MOBY: I went to work for Bernie Schaeffer at Schaeffer’s Investment Research in Cincinnati. Bernie and his colleague, Price Headley, were influential in my knowledge of options, charting and technical analysis.
IAN: What happened after working with Bernie Schaeffer?
A Start at the CBOE
MOBY: After four years, I was ready to make a big move. I have relatives in Chicago, and when visiting them I met a long-time CBOE Market Maker named Dave Ofman. I grilled him relentlessly about how option market making worked and his side of the investment business.
He pointed me in the right direction of the proper firms and people to apply for a job with. I was taken on as a trainee by a small group of market makers at Kessler-Asher. After six months of rigorous and sometimes harsh training, they gave me a $100k trading stake and allowed me to choose a pit to make my new home as a market maker. I wisely chose the America Online pit, which was fairly small and growing. It would soon turn into the hottest equity options pit in the world.
I hate to brag, but I became extremely successful as a Market Maker at the Chicago Board Options Exchange or CBOE in Chicago. This was during the late 1990s and the Internet bubble.
I was in one of the busiest equity option pits in the world. News and documentary filmmakers would film us. For example, I would randomly see myself in the background of Lou Dobbs CNN show, or in a PBS documentary. As an interesting side note, Pete Najarian ̶ well known on CNBC ̶ stood right next to me trading options.
IAN: Trading on the floor of an exchange is a big deal. How did you do?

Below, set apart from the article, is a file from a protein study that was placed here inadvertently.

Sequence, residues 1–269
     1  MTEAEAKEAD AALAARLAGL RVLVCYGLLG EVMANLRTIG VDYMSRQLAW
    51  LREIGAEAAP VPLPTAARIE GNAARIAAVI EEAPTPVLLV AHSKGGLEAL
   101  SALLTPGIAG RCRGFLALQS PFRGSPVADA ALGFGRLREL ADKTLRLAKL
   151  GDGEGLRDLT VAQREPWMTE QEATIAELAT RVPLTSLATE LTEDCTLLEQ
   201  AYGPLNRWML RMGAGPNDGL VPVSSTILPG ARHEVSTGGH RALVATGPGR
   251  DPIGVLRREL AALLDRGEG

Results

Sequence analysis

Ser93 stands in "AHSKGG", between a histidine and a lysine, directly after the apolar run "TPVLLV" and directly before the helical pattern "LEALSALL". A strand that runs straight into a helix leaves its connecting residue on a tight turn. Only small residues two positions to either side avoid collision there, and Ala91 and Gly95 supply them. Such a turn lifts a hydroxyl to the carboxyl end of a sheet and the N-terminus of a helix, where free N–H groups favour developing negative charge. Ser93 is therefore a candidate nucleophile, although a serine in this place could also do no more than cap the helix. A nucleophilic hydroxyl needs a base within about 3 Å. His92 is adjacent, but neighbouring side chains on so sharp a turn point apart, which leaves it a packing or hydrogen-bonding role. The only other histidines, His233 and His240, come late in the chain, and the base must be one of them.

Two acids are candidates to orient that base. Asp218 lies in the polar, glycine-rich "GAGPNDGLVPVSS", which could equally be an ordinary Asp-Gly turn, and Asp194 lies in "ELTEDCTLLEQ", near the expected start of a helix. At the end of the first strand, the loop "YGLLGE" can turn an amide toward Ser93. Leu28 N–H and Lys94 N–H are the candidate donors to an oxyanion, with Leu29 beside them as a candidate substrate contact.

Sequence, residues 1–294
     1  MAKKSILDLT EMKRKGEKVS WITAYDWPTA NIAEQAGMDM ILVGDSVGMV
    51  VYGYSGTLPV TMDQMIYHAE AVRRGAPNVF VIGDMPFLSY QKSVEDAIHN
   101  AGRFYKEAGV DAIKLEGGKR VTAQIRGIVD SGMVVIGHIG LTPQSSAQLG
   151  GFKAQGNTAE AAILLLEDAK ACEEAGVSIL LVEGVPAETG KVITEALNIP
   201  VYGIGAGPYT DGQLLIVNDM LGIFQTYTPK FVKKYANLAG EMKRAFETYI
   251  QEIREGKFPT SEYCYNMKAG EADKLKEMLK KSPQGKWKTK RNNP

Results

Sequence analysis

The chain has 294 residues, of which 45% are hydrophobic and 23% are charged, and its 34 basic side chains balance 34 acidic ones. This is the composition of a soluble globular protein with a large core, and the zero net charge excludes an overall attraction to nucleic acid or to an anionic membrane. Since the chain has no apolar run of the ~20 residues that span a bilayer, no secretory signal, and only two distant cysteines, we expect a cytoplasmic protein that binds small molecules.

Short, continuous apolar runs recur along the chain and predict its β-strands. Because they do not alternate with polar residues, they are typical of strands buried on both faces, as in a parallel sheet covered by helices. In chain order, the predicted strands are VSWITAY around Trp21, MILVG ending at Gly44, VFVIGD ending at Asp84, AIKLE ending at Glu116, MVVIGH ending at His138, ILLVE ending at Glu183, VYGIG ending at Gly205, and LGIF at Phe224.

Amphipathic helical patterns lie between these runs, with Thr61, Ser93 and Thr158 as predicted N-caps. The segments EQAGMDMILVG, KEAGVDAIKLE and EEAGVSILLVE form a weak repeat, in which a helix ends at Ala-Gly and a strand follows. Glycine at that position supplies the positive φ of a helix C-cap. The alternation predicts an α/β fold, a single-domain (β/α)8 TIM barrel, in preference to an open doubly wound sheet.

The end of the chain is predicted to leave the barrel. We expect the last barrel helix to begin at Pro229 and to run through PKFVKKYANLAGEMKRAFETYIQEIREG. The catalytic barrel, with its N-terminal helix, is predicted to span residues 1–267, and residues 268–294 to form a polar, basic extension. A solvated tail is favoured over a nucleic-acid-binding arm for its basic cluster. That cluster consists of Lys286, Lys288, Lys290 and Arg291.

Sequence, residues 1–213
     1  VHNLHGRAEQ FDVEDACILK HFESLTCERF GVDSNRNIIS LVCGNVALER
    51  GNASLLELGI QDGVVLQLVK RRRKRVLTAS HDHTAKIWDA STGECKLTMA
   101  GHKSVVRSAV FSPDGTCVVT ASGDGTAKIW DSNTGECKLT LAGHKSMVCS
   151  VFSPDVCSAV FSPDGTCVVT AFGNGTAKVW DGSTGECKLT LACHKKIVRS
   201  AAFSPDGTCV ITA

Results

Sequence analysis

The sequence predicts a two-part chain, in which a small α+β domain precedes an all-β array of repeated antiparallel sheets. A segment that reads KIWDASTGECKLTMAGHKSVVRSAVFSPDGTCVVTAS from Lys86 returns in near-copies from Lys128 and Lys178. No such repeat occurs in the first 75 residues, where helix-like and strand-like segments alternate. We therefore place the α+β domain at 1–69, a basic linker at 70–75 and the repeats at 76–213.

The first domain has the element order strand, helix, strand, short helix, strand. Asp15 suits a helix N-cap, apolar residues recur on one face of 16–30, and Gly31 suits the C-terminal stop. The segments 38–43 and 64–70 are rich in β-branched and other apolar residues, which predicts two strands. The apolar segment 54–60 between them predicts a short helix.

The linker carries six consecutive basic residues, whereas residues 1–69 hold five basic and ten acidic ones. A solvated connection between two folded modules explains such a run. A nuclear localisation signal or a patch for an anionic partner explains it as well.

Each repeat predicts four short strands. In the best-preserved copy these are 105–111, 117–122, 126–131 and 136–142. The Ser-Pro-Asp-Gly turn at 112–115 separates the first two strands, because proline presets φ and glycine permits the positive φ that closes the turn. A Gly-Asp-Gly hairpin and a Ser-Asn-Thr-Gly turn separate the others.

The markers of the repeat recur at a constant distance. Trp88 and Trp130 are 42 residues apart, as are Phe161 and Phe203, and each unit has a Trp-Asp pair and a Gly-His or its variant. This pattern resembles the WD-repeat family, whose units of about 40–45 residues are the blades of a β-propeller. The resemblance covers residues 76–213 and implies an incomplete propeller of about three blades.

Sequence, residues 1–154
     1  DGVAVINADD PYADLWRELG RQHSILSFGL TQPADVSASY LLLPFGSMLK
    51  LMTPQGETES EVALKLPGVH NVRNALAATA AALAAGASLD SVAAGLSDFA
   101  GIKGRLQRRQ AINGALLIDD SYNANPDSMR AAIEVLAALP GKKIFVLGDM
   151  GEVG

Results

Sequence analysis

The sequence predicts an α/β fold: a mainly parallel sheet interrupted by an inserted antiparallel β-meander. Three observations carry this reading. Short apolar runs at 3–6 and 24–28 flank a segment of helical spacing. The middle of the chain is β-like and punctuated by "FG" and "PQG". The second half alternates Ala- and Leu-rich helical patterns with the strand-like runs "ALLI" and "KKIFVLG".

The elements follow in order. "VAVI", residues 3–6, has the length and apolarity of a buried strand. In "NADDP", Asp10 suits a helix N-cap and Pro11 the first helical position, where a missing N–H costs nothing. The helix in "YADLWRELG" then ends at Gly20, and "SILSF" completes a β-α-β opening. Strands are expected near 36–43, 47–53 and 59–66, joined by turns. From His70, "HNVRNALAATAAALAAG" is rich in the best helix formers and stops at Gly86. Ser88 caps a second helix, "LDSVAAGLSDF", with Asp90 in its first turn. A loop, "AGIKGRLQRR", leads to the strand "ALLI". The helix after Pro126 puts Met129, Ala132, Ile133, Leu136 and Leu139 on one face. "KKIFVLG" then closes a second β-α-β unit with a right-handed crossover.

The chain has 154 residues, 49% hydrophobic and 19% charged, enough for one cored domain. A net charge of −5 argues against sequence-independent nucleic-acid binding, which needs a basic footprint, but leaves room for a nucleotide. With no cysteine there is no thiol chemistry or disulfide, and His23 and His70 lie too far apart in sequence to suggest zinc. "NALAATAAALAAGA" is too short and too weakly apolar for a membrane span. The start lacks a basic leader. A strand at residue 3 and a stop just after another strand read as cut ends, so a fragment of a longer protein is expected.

MOBY: When I was hired, I was given just $100,000 of the firm’s money to trade.
Within two years, I took that $100k investment and generated $1.2 million in profits for my firm.
I went from earning a nice healthy salary . . . to pocketing $600k in a short time period. It was a dramatic change for a guy from Kentucky who was in his late 20s.
IAN: Chicago is a great town. But you ultimately left Chicago for another financial capital . . .
MOBY: After trading on the floor of the CBOE for three years, I moved to London for a once-in-a-lifetime opportunity.
Essentially, I formed an option trading group with backers from Chicago & Amsterdam. I co-managed an initial trading portfolio with 1 million British pounds.
I and two other Chicago market makers traded options “off the floor” in London, where I was a trading partner. After a year living in Europe, I was a bit burned out from the pressure of the super-high-level trading world. And I wanted to enjoy my money a little bit and manage my own investments.
IAN: And then you decided to come back home . . .
MOBY: After years away from Kentucky, I decided to move back home. I successfully traded my own portfolio for several years. And I dabbled in some private investments, including giving my brother a small loan to start his now-successful restaurant.
Eventually in Lexington, I started working with Big Trends, which is an investment education company. It was founded by Price Headley, who was one of my mentors at Schaeffer’s Investment Research.
Tomorrow, I’ll publish Part 2 of this interview with Moby. Be sure to check your email in the morning.
You’re invited to join us for a live sector ETF trading session tomorrow at 12 p.m. Eastern / 9 a.m. Pacific.